IN THE NEWS

Nix

SPORTS
May 14, 2014 | By Matt Gelb, Inquirer Staff Writer
The Phillies removed Jayson Nix from the team Monday, the second bench subtraction in less than a week. The timing of the roster shuffle was interesting, since the Phillies lost another infield option Sunday when Freddy Galvis suffered a broken left clavicle during a collision with a teammate in pursuit of a foul ball. Nix was outrighted to triple-A Lehigh Valley. He can elect free agency or accept his minor-league assignment. The team's 40-man roster is at 39. His replacement will be announced Tuesday.
SPORTS
May 1, 2014 | BY DAVID MURPHY, Daily News Staff Writer dmurphy@phillynews.com
CODY ASCHE'S absence from the lineup last night wasn't as notable as Ryne Sandberg's choice to replace him. With a lefty starter on the mound, Sandberg elected to go with Jayson Nix instead of Freddy Galvis as his righthanded hitting third baseman. While it might not have been a major story line, it was a good indication of the improvement that Galvis needs to show at the plate if he ever hopes to make the transition from utility whiz to Gold Glove regular. Nix, a journeyman who is playing for his sixth team in 7 years, entered last night hitting .179 with a home run and a .493 OPS. Yet Sandberg had some reason to think Nix offered the best chance of success against Mets lefty Jon Niese.
NEWS
April 16, 2014 | BY REGINA MEDINA, Daily News Staff Writer medinar@phillynews.com, 215-854-5985
THE PHILADELPHIA School Partnership and PennCAN, two controversial education-reform groups, want the state's highest court to decide whether the School Reform Commission can impose work-rule changes on teachers. The two pro-school-choice organizations sought the review in an amicus brief filed yesterday with the state Supreme Court. It "is crucial for this Court to fully consider this case and breathe life into the legislative command that the [SRC] is to be empowered with the flexibility to quickly respond in times of budgetary crisis and provide for the long-term sustainability of City public education," the filing read.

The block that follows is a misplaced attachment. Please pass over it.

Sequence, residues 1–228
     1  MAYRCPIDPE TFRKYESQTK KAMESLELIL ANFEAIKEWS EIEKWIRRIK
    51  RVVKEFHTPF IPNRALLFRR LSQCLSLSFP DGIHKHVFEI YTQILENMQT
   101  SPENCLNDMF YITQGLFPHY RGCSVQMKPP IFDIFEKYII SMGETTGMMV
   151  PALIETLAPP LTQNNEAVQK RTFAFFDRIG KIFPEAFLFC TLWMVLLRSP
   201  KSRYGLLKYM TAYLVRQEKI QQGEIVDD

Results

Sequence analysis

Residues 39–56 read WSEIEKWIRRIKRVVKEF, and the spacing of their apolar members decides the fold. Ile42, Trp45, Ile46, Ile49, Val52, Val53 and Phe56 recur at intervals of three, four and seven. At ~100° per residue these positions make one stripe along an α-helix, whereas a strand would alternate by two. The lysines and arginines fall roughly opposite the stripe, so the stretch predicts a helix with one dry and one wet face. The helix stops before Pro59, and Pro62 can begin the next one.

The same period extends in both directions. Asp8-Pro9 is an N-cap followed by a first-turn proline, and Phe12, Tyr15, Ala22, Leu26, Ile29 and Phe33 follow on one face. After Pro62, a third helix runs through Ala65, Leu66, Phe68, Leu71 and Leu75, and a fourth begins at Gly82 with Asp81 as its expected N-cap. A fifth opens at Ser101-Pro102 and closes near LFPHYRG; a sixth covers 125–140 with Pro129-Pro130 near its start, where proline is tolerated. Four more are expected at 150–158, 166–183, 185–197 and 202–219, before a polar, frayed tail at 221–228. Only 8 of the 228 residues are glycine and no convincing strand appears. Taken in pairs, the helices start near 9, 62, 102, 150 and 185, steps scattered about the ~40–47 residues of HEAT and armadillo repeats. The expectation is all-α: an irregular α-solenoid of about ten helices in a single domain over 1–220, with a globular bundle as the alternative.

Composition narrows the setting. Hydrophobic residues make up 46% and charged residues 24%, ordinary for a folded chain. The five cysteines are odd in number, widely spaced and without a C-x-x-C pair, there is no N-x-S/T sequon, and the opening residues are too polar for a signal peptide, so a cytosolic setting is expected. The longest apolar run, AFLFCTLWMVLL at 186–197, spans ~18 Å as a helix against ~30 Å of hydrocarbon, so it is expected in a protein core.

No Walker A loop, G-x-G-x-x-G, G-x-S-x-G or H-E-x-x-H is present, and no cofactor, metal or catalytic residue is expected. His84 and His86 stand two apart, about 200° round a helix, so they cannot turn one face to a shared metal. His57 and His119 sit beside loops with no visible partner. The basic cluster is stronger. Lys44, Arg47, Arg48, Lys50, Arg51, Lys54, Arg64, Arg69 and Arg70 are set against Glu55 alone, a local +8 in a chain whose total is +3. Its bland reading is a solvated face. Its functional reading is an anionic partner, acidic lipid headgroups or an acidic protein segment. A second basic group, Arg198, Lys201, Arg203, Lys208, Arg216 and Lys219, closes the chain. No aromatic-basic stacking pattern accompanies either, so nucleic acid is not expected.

NEWS
March 21, 2014 | By Howard Gensler
RUSSELL CROWE   went to meet the pope, but the pope said "No-ah. " Crowe and the makers of the big-budget film about the animal ark-ivist attended Pope Francis ' general audience yesterday but didn't get what they most wanted: a photo-op. Maybe Crowe will have better luck if he accompanies the Philadelphia delegation later this month. Crowe had lobbied hard for a papal thumbs-up for his film "Noah," and the ensuing publicity a Francis blessing would bring. The film has been banned in much of the Muslim world because of its depiction of the prophet Noah, while U.S. conservatives have complained the film takes liberties with the biblical account of the flood.
NEWS
March 4, 2014 | By Carolyn Davis, Inquirer Staff Writer
Though buses, trains and planes could be delayed because of the snowstorm forecasted to hit the Philadelphia region Sunday, announcements about those likely delays are right on schedule. A spokeswoman for the Philadelphia International Airport said Sunday afternoon that airlines were reporting "96 canceled flights tonight in anticipation of the storm. " Most airlines reported reducing flight activity tomorrow until noon, said spokeswoman Victoria Lupica. "We are fully staffed and prepared to treat all paved surfaces when precipitation begins," she said.